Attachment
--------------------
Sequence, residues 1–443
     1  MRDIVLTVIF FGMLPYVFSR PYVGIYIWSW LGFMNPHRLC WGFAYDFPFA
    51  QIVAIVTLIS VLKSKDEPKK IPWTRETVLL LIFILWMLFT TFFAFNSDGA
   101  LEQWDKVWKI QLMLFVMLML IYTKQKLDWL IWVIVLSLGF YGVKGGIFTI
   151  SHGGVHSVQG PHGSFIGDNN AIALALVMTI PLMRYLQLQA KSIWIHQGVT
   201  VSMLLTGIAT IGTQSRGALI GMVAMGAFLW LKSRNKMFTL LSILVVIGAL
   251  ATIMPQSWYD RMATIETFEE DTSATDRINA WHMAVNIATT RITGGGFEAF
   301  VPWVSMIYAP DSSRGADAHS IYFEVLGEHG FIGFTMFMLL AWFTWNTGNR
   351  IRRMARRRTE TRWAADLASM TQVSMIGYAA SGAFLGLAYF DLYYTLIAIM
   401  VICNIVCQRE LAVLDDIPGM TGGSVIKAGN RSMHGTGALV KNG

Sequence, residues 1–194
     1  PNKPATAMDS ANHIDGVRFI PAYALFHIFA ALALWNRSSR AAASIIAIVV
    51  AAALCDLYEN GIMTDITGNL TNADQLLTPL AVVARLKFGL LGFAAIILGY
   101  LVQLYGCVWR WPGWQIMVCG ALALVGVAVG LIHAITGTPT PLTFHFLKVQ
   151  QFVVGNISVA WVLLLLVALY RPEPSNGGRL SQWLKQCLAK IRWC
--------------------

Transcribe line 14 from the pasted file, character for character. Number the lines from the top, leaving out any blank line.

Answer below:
   101  LVQLYGCVWR WPGWQIMVCG ALALVGVAVG LIHAITGTPT PLTFHFLKVQ